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Depressive Realism

Depressive Realism

ISBN 9781138823549
Publication Date
Publisher Routledge
Author(s)
Overview

Depressive Realism argues that people with mild-to-moderate depression have a more accurate perception of reality than non-depressives. Depressive realism is a worldview of human existence that is essentially negative, and which challenges assumptions about the value of life and the institutions claiming to answer life’s problems. Drawing from central observations from various disciplines, this book argues that a radical honesty about human suffering might initiate wholly new ways of thinking, in everyday life and in clinical practice for mental health, as well as in academia.

Divided into sections that reflect depressive realism as a worldview spanning all academic disciplines, chapters provide examples from psychology, psychotherapy, philosophy and more to suggest ways in which depressive realism can critique each discipline and academia overall. This book challenges the tacit hegemony of contemporary positive thinking, as well as the standard assumption in cognitive behavioural therapy that depressed individuals must have cognitive distortions. It also appeals to the utility of depressive realism for its insights, its pursuit of truth, as well its emphasis on the importance of learning from negativity and failure. Arguments against depressive realism are also explored.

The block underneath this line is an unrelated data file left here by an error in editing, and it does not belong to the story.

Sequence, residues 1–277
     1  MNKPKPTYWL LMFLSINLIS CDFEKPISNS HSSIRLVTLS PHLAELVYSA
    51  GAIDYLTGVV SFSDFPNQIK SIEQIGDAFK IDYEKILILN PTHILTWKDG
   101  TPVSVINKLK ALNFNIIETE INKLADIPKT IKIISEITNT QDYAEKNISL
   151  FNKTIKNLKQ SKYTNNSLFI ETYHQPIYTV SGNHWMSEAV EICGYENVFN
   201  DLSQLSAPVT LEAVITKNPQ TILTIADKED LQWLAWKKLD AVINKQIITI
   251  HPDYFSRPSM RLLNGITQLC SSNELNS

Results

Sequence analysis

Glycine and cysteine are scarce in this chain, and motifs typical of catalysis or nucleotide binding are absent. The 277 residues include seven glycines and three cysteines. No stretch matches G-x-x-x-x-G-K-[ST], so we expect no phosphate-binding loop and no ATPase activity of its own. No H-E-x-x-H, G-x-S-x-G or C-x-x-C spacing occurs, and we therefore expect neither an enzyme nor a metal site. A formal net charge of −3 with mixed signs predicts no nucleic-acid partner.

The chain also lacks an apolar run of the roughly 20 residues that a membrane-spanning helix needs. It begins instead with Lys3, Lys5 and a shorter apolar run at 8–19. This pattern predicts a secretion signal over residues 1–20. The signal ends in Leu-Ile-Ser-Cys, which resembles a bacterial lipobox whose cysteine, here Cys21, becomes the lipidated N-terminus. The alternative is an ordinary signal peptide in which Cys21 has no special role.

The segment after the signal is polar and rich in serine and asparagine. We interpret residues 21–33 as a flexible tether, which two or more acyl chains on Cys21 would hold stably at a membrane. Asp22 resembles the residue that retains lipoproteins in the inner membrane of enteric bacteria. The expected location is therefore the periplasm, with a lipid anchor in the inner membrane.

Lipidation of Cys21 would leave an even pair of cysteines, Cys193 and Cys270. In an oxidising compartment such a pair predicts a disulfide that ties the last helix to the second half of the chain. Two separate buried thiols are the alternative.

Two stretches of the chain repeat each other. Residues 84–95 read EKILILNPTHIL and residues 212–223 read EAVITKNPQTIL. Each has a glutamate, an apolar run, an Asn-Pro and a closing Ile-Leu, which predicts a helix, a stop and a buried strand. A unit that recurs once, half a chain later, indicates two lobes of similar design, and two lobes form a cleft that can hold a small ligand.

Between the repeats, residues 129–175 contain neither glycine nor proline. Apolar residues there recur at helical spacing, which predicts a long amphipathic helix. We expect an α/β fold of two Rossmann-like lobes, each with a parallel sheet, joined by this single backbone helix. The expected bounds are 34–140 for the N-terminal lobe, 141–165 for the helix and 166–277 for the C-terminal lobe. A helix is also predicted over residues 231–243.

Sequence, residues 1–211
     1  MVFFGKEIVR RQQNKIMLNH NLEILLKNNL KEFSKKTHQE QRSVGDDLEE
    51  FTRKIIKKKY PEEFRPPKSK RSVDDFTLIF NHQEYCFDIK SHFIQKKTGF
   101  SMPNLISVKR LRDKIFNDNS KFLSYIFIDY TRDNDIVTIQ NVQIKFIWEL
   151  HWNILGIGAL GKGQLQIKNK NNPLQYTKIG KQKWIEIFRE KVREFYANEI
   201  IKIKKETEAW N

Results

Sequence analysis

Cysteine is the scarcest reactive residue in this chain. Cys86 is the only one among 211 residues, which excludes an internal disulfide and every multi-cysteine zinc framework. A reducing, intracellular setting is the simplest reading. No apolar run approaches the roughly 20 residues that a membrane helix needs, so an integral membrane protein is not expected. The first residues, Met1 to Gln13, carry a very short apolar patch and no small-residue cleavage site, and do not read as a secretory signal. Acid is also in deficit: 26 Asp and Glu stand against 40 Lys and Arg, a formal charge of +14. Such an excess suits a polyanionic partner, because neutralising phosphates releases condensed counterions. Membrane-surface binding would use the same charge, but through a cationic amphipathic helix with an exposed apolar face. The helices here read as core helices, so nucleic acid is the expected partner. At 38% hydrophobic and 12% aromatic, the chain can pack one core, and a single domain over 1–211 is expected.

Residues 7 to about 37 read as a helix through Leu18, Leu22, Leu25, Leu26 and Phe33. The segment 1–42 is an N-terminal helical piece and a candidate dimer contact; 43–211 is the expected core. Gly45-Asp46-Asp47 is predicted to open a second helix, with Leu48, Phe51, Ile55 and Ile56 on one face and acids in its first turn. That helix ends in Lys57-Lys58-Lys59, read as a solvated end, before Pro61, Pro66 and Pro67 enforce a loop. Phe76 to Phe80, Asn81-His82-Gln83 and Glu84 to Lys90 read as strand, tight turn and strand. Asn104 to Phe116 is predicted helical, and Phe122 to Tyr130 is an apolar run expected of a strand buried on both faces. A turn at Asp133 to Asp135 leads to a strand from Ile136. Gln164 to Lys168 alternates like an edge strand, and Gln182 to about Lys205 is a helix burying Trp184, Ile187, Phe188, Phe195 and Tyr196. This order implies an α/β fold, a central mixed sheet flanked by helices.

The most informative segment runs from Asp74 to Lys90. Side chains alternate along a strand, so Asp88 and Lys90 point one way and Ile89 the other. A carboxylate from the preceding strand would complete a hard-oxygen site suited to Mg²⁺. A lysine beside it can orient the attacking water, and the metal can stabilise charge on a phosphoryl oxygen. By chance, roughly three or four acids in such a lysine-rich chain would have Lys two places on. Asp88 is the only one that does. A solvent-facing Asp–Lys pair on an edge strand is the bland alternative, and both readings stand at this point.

This book makes an important contribution to our understanding of depressive realism within an interdisciplinary context. It will be of key interest to academics, researchers and postgraduates in the fields of psychology, mental health, psychotherapy, history and philosophy. It will also be of great interest to psychologists, psychotherapists and counsellors.

Overview

Depressive Realism argues that people with mild-to-moderate depression have a more accurate perception of reality than non-depressives. Depressive realism is a worldview of human existence that is essentially negative, and which challenges assumptions about the value of life and the institutions claiming to answer life’s problems. Drawing from central observations from various disciplines, this book argues that a radical honesty about human suffering might initiate wholly new ways of thinking, in everyday life and in clinical practice for mental health, as well as in academia.

Divided into sections that reflect depressive realism as a worldview spanning all academic disciplines, chapters provide examples from psychology, psychotherapy, philosophy and more to suggest ways in which depressive realism can critique each discipline and academia overall. This book challenges the tacit hegemony of contemporary positive thinking, as well as the standard assumption in cognitive behavioural therapy that depressed individuals must have cognitive distortions. It also appeals to the utility of depressive realism for its insights, its pursuit of truth, as well its emphasis on the importance of learning from negativity and failure. Arguments against depressive realism are also explored.

This book makes an important contribution to our understanding of depressive realism within an interdisciplinary context. It will be of key interest to academics, researchers and postgraduates in the fields of psychology, mental health, psychotherapy, history and philosophy. It will also be of great interest to psychologists, psychotherapists and counsellors.

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